Abstract

The freshman curriculum for engineering students has recently been completely restructured at Ohio Northern University (ONU). All engineering majors now take a common three-course introduction to engineering sequence during their first year. An important component of this new sequence is the inclusion of more technical communication exercises in the everyday coursework. In the 2005-06 academic year, a technical writing book has been added as a required text, which is used extensively in the first course; it is further used as a reference in subsequent courses. However, in spite of several lectures and reading assignments on the basic rules of grammar and punctuation, it was found that students continued to submit work which contained obvious and significant errors.

In an effort to improve students’ ability to identify and correct their own errors, two exercises in proofreading were given to the students. First, each student was asked to create a report. Another student was then made responsible for proofreading the document. When this assignment was graded, both the author and the proofreader lost points for any errors which were found by the instructor. Additional assignments were given in which students were asked to find errors in written material and in graphs.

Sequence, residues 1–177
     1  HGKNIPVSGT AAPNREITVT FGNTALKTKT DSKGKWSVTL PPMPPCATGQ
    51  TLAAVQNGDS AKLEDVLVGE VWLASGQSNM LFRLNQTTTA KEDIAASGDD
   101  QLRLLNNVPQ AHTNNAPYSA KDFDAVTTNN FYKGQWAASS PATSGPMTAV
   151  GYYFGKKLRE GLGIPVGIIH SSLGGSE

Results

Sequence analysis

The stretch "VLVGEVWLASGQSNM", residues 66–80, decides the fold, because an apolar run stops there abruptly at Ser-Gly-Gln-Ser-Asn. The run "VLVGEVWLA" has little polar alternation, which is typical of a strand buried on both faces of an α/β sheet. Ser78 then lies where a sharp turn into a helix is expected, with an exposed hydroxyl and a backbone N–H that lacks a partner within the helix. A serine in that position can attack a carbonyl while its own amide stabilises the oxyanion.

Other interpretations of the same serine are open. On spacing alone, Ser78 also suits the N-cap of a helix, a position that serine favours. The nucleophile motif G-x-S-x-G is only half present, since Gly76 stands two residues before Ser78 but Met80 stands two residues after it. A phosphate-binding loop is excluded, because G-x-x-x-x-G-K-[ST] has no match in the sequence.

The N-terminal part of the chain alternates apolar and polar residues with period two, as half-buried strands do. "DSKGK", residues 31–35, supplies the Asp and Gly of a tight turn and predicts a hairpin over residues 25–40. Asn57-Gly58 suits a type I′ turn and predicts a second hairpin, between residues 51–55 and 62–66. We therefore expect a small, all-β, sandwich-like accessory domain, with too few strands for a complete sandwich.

Student performance was assessed by the faculty teaching this course (four faculty taught a total of five sections) on the basis of the above assignments. In addition, students were given a self-assessment of how their writing and proofreading skills have been affected by this assignment. In-class quizzes were given to measure students’ ability to proofread by asking them to find errors in written work and in graphs. Finally, two similar questions on the final examination were used to measure students’ ability to proofread. This paper discusses the proofreading assignment, the results of the various forms of assessment, lessons learned, and plans for modification for next year’s classes.

Introduction

As part of curriculum reform at ONU, a new sequence of three freshman courses was created in the Engineering College. These courses were designed to have significant technical communication content, and were first implemented in the 2004-05 academic year. Feedback from both students and faculty, obtained as part of our standard continuous improvement processes, indicated that this sequence needed significant improvement, particularly in the first course, which contained much of the focus on technical communication. In response to this feedback, the first course, especially its technical communications aspect, was redesigned during the summer of 2005. A new technical communication text was required for the course, and significant classroom time was devoted to technical communication content. Initial assignments, however, indicated

Yoder, J., & Sawyers, D., & Estell, J. K., & Laird, L. (2006, June), Proofreading Exercises To Improve Technical Writing In A Freshman Engineering Course Paper presented at 2006 Annual Conference & Exposition, Chicago, Illinois. https://peer.asee.org/574